“I started to feel the pressure. Other athletes looked for me and they were afraid to talk with me because it was like ‘She’s Veronica Hipolito the world champion’. That happened and I think I grew up.”
The date of 22 July 2013 changed Veronica Hipolito’s life. The day the shy Brazilian teenager stepped out of the shadows and into the glare of being an athlete to chase, to inspire.
Hipolito had become world champion at 17-years-old, winning gold in the 200m T38 in Lyon, France, and setting a new championship record in the process – things would never be the same again.
In only her fourth ever para-athletics competition – and her first representing her country – the talented youngster was thrust in to the spotlight. Returning home to Brazil, Hipolito quickly realised that life had taken on a new dimension.
“Since 2013 things are very different,” she explained. “When I went back to Brazil everybody looked for me. I wasn’t Veronica Hipolito a new athlete in para-athletics, I was Veronica Hipolito the world champion and championship record holder. People looked differently at me and talked differently with me.”
With her newfound fame came expectation. The slightly built Brazilian knew that she would have to learn to stand tall and remain strong in the face of public scrutiny.
She admitted: “I started to feel the pressure. Other athletes looked for me and they were afraid to talk with me because it was like ‘She’s Veronica Hipolito the world champion’. That happened and I think I grew up.”
Hipolito’s experience at the World Championships also brought home to her how much she loved para-athletics, and how big a part it could play in her life.
A second year Economics student at University in Brazil, she had originally wanted to study engineering: “But not for love, I wanted a good job in the future, and the love was not so important.
“After the World Championships when I won the 200m and I started to do something that I loved – running. I love the paradox. When you run, everything is fast. It’s the fastest thing in my life, but in the same time it feels slow. I think the world just stops for me. I meet Veronica and who I am. I just love it.
“I said to my mother and father that I preferred to study economics. I love running and I love economics. This is my chance.”
Now Hipolito is determined to make the most of that chance, and has set her sights on the top of the podium at the World Championships in Doha, Qatar this year – and of course at the Paralympic Games on her home turf in Rio next year too.
Achieving these ambitions will not be easy however, for the Brazilian lines up in one of the most competitive classes – the women’s T38 sprints. It is a class bursting with talent, with the likes of Great Britain’s 100m world champion Sophie Hahn, Russia’s 100m Paralympic and European champion Margarita Goncharova, and China’s 200m Paralympic champion Junfei Chen all chasing gold too.
Hipolito is more than aware of the high standards she is up against. For her, it is not just about overcoming her rivalries out on the track; she is determined to make sure she also has a winning mindset. For Hipolito, mental strength is paramount to success on the track. That two-pronged attack is what she feels is needed to be the best in the world.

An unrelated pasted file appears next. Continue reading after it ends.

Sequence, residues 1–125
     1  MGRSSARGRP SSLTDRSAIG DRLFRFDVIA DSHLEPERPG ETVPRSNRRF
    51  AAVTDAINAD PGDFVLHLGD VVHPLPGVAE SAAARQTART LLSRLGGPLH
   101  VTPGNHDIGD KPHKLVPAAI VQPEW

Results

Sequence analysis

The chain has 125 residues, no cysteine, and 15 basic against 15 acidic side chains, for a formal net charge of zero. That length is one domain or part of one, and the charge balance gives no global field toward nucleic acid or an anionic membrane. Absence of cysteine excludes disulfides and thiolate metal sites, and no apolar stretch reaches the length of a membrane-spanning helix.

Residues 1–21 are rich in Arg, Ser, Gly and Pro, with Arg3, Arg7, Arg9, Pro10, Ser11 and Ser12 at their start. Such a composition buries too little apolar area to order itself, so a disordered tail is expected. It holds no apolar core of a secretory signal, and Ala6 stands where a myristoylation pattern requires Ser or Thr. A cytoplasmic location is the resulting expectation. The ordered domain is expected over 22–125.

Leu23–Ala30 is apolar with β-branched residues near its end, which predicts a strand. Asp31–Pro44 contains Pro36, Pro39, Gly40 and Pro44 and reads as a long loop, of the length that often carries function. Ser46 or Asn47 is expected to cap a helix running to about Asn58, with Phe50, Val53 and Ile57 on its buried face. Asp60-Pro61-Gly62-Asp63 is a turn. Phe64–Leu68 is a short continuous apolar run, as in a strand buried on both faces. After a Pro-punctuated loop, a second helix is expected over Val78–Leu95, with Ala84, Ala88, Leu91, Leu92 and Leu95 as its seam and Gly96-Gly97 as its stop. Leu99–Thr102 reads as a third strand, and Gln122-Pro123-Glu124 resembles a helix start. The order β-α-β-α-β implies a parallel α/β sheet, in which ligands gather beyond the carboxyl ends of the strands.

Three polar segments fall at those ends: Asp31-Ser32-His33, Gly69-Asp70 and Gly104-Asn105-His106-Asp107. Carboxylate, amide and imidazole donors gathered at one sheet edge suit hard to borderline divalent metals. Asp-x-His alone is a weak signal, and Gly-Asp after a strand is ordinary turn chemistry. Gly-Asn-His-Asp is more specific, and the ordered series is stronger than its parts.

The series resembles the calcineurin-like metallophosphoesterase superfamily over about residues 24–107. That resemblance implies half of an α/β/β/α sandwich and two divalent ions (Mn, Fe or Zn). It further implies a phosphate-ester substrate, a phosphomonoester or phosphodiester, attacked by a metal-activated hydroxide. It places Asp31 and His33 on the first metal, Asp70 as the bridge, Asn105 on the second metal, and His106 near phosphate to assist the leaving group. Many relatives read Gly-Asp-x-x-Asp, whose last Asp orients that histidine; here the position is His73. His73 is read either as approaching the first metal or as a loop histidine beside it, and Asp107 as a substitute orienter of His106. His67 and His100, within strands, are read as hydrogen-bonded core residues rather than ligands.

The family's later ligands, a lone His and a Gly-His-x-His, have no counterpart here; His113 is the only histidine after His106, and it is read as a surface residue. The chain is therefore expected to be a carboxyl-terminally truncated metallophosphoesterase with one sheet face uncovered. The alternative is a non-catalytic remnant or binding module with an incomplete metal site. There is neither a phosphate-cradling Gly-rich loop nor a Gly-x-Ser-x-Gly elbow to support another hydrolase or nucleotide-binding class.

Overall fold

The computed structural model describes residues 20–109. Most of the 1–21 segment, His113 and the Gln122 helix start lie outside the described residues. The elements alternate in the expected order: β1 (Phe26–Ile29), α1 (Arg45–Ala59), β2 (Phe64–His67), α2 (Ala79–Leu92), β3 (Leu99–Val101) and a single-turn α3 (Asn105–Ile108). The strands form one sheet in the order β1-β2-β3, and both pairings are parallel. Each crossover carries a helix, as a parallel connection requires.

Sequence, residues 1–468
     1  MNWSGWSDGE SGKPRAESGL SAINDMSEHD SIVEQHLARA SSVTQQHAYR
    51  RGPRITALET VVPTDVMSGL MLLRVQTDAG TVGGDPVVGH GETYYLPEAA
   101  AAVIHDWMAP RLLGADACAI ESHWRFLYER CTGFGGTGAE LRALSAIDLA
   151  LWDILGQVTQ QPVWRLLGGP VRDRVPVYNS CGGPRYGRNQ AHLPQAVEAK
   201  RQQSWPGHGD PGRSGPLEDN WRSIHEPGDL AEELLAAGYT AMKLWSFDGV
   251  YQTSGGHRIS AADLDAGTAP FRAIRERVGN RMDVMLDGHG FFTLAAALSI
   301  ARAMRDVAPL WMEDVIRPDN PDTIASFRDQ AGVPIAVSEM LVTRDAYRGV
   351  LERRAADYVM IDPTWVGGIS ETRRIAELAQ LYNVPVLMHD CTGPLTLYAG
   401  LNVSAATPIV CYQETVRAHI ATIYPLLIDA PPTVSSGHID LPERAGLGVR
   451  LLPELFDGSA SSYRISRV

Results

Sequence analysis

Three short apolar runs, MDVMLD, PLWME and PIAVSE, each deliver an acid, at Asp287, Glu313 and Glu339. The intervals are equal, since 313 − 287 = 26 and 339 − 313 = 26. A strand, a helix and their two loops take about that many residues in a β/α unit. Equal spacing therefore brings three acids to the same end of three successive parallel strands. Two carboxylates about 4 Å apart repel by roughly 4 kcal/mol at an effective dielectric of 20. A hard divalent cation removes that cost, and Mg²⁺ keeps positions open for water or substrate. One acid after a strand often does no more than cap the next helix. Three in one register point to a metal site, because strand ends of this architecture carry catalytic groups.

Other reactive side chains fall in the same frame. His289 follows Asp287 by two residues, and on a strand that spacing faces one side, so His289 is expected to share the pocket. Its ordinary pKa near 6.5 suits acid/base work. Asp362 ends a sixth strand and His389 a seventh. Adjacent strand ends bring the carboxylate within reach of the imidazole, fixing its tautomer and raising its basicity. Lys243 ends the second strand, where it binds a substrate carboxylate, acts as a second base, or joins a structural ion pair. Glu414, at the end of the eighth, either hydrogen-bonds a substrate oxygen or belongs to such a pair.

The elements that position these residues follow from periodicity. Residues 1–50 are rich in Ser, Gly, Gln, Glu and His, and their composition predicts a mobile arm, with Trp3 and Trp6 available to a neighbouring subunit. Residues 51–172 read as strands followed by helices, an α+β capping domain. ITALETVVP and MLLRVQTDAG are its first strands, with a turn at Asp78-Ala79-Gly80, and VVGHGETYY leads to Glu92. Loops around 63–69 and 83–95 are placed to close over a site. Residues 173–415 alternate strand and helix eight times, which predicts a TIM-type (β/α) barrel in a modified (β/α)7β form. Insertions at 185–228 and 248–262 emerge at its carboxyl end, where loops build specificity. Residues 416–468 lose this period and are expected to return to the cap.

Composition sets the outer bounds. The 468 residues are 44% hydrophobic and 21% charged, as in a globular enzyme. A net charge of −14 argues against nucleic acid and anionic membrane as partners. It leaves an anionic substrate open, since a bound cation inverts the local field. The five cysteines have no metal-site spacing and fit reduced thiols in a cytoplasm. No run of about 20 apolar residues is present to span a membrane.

“If I want to win I have to win on the track and psychologically too. I talk with my coach, and I have a psychologist in my club, and also with the Brazil Paralympic team. So I will talk with them and my coach,” she said.
Last month’s Berlin Grand Prix was a crucial stepping stone for the Brazilian as she looks to conquer any lingering fears she may have – although a win in the 200m and a second place finish in the 100m T38 behind Goncharova still left Hipolito disappointed with her performances.
“In the Berlin Grand Prix it was similar to a bad feeling because the people have expectations about me and it was a bad competition, the worst competition in my life!” she exclaimed. “But the World Championships is the World Championships and I know I have four months to train and get my body and my mind ready.
“I want to win the 100m, the 200m, the 400m at the World Championships, but I know it’s difficult. I have Sophie, I have Margarita, I have Junfei; it’s difficult, but I want it and I train for this. I think I will win.
“With Sophie Hahn, it is a good rivalry,” she admitted. “I want to win, and she wants to win. But after and before the race we are friends. But with Margarita and Junfei, I was a little afraid.
“At [the Berlin] competition I saw Margarita, and I don’t feel so much afraid now. I know how I will be focussed for the event.”
Of course as a young Brazilian star, the Rio 2016 Games remain foremost in her mind.
“For Rio I am so excited – it’s my country and my family and friends will be there. I was at the World Championships at 17-years-old, so people look at me and forget how young I am - they see a world champion. I am a little afraid because it is such a big stage, such a major event. I have big rivals but I want to win. I think I am more excited than afraid. I want to win, I hate losing. I want to win everything!”
Hipolito will be one of 1,400 athletes set to line-up at the 2015 IPC Athletics World Championships in Doha, Qatar, between 22-31 August.